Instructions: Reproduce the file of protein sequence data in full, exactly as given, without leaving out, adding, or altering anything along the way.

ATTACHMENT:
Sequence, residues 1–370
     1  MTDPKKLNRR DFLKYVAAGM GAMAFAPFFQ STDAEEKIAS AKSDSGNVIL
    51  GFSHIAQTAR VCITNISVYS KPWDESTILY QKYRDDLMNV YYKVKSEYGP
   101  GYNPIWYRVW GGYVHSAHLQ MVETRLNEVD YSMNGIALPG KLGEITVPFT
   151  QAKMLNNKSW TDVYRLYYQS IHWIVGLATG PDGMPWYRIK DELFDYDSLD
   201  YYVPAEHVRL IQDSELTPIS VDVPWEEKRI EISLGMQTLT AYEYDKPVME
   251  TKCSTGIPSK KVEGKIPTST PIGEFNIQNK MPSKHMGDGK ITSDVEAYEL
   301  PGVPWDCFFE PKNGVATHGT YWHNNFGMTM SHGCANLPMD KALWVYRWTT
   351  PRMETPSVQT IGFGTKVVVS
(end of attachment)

Sequence, residues 1–370
     1  MTDPKKLNRR DFLKYVAAGM GAMAFAPFFQ STDAEEKIAS AKSDSGNVIL
    51  GFSHIAQTAR VCITNISVYS KPWDESTILY QKYRDDLMNV YYKVKSEYGP
   101  GYNPIWYRVW GGYVHSAHLQ MVETRLNEVD YSMNGIALPG KLGEITVPFT
   151  QAKMLNNKSW TDVYRLYYQS IHWIVGLATG PDGMPWYRIK DELFDYDSLD
   201  YYVPAEHVRL IQDSELTPIS VDVPWEEKRI EISLGMQTLT AYEYDKPVME
   251  TKCSTGIPSK KVEGKIPTST PIGEFNIQNK MPSKHMGDGK ITSDVEAYEL
   301  PGVPWDCFFE PKNGVATHGT YWHNNFGMTM SHGCANLPMD KALWVYRWTT
   351  PRMETPSVQT IGFGTKVVVS